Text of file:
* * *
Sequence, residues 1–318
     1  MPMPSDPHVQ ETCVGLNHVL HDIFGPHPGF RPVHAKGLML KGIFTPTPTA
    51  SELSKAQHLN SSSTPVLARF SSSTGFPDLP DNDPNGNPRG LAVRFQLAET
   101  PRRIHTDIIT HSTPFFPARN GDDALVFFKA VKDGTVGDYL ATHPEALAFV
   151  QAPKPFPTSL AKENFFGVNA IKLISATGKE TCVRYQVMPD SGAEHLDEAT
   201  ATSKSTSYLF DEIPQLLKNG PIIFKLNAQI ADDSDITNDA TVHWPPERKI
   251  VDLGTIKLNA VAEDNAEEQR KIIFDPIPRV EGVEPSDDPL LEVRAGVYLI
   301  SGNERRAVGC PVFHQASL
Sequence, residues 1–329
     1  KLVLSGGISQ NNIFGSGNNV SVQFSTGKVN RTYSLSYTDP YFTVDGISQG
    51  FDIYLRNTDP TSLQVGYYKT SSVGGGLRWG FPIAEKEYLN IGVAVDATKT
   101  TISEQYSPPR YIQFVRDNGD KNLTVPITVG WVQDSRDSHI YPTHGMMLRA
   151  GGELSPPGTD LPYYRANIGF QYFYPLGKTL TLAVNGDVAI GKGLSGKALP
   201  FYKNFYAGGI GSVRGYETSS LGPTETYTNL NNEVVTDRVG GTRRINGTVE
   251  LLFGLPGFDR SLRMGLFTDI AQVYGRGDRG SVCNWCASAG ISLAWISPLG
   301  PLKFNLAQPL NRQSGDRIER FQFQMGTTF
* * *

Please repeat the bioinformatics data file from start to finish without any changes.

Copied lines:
Sequence, residues 1–318
     1  MPMPSDPHVQ ETCVGLNHVL HDIFGPHPGF RPVHAKGLML KGIFTPTPTA
    51  SELSKAQHLN SSSTPVLARF SSSTGFPDLP DNDPNGNPRG LAVRFQLAET
   101  PRRIHTDIIT HSTPFFPARN GDDALVFFKA VKDGTVGDYL ATHPEALAFV
   151  QAPKPFPTSL AKENFFGVNA IKLISATGKE TCVRYQVMPD SGAEHLDEAT
   201  ATSKSTSYLF DEIPQLLKNG PIIFKLNAQI ADDSDITNDA TVHWPPERKI
   251  VDLGTIKLNA VAEDNAEEQR KIIFDPIPRV EGVEPSDDPL LEVRAGVYLI
   301  SGNERRAVGC PVFHQASL
Sequence, residues 1–329
     1  KLVLSGGISQ NNIFGSGNNV SVQFSTGKVN RTYSLSYTDP YFTVDGISQG
    51  FDIYLRNTDP TSLQVGYYKT SSVGGGLRWG FPIAEKEYLN IGVAVDATKT
   101  TISEQYSPPR YIQFVRDNGD KNLTVPITVG WVQDSRDSHI YPTHGMMLRA
   151  GGELSPPGTD LPYYRANIGF QYFYPLGKTL TLAVNGDVAI GKGLSGKALP
   201  FYKNFYAGGI GSVRGYETSS LGPTETYTNL NNEVVTDRVG GTRRINGTVE
   251  LLFGLPGFDR SLRMGLFTDI AQVYGRGDRG SVCNWCASAG ISLAWISPLG
   301  PLKFNLAQPL NRQSGDRIER FQFQMGTTF